Flooding alfalfa to *save* water?

Alfalfa, east side Phoenix, February 2015, by John Fleck

Alfalfa, east side Phoenix, February 2015, by John Fleck

University of California researchers have a novel idea: what if we dump more water on alfalfa and use that to recharge aquifers?

Over a six-week period in February, March and April, Dahlke oversaw a test in Siskiyou County in which 140 acre-feet of water were applied to 10 acres of alfalfa. That’s well over twice the amount of irrigation water the field typically gets in an entire year.

“It was just pouring into the ground,” Dahlke said.

The water percolated readily into the earth and the groundwater table in the vicinity of the farm rose quickly. Just as important: by June the alfalfa field that had been watered so heavily was just as healthy as a control plot. Alfalfa is known to “drown” if watered very heavily in summer months, but it appears that the winter dormancy of alfalfa is helping the crop to tolerate saturated soils for some time. Field trials near the UC Davis campus have corroborated the Siskiyou County results, Dahlke said, though additional tests in more soil types and warmer climates (e.g. the southern Central Valley) are needed.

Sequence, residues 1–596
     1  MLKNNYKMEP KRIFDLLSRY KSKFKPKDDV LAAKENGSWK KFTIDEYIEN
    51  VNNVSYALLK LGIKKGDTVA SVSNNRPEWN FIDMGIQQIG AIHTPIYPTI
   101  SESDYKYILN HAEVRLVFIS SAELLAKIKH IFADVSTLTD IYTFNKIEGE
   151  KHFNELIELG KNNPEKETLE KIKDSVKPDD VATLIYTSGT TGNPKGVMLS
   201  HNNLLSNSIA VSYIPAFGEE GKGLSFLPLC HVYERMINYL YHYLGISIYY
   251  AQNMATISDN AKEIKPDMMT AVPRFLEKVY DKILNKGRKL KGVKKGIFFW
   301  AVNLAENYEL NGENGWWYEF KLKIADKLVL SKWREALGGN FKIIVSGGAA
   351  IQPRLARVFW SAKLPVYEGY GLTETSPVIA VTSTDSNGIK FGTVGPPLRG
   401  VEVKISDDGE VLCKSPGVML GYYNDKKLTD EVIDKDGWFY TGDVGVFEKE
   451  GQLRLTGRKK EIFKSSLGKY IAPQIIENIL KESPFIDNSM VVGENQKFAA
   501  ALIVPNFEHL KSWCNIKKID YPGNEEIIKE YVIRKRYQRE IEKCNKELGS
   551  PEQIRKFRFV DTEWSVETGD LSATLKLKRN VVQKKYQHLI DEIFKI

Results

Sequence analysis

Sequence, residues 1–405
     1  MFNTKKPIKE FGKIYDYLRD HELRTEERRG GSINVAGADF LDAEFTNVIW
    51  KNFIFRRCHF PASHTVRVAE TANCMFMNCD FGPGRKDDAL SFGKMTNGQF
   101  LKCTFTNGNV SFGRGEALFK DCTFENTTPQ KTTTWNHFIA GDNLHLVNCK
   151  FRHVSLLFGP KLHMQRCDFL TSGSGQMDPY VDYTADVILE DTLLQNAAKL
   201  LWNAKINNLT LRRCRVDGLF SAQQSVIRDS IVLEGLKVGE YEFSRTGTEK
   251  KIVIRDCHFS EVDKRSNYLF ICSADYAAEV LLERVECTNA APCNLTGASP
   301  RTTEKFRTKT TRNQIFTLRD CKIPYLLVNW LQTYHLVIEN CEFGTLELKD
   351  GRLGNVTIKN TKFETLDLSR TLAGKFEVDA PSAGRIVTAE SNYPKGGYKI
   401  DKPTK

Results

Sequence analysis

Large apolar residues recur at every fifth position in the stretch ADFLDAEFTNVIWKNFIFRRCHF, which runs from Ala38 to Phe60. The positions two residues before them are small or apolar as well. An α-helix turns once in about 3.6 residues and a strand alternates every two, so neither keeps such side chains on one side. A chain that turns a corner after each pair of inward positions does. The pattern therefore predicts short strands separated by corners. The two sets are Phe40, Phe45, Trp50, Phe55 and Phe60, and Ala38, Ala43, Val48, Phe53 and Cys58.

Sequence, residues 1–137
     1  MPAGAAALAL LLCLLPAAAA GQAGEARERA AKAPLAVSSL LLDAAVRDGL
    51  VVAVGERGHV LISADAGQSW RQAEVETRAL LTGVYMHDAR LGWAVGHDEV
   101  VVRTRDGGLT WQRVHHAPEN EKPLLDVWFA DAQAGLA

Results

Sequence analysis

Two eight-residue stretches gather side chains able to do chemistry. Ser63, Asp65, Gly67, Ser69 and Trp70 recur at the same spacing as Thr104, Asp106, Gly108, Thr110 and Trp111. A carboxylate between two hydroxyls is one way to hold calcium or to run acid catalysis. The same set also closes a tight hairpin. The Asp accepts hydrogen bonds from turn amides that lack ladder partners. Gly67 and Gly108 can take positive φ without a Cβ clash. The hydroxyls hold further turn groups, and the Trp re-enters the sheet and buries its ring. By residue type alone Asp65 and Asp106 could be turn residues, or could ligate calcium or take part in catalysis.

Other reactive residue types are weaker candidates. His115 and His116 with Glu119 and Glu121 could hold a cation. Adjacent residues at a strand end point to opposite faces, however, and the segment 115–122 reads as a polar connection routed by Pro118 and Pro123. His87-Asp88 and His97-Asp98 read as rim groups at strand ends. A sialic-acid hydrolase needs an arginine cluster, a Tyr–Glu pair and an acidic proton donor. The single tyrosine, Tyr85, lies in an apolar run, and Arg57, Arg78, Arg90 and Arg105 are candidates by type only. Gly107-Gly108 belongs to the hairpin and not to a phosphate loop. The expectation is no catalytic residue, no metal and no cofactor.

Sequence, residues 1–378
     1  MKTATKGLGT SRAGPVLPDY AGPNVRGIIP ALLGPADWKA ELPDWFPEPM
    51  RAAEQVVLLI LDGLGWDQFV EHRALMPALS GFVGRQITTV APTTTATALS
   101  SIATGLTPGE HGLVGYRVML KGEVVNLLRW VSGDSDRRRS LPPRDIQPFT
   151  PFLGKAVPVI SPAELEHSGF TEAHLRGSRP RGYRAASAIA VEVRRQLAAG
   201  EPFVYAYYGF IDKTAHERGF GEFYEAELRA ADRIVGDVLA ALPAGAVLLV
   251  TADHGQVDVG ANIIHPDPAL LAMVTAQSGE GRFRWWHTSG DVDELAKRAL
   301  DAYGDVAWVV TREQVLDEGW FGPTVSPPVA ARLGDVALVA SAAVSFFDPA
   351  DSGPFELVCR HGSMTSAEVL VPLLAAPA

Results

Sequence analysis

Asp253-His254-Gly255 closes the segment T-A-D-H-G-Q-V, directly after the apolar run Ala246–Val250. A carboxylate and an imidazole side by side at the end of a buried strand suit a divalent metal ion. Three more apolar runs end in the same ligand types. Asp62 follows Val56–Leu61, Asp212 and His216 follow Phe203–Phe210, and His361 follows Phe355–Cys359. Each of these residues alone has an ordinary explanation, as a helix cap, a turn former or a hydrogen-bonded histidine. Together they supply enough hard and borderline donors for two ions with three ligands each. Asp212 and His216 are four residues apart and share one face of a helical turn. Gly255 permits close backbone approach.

The premise: recharge is good if you have the chance, but land set aside exclusively for the purpose is at a premium. But there’s plenty of alfalfa land where you could try this.

One more example of the adaptive capacity offered by the queen of forages.


  1. Thank you for this very informative journal article link! The properties of chemical processing and detoxification are impressive, as well as water table restoration aspects.
    I will be looking for seeds adapted to Northern N.M. weather ans soils!

  2. Back when I knew people heavily involved in groundwater recharge, I was told that effective recharge is a huge pain. Recharge basins silt up quickly, needing constant management, ie raking up the silt and creating paths for the water to flow in. ASR wells also have major challenges.

    It would be very interesting indeed (actually kinda funny) if the appropriate course of action was for Los Angeles and Orange County water agencies that are responsible for groundwater recharge to start growing winter alfalfa on their big recharge basins.

    You should do some interviews. OCWD’s website is here.

  3. Francis –

    My hunch is that this works best in places where there’s already alfalfa being grown in a basin shared with municipal pumpers. I’m thinking especially Central Arizona, where you’ve got 160,00 acres of alfalfa in Maricopa County alone.

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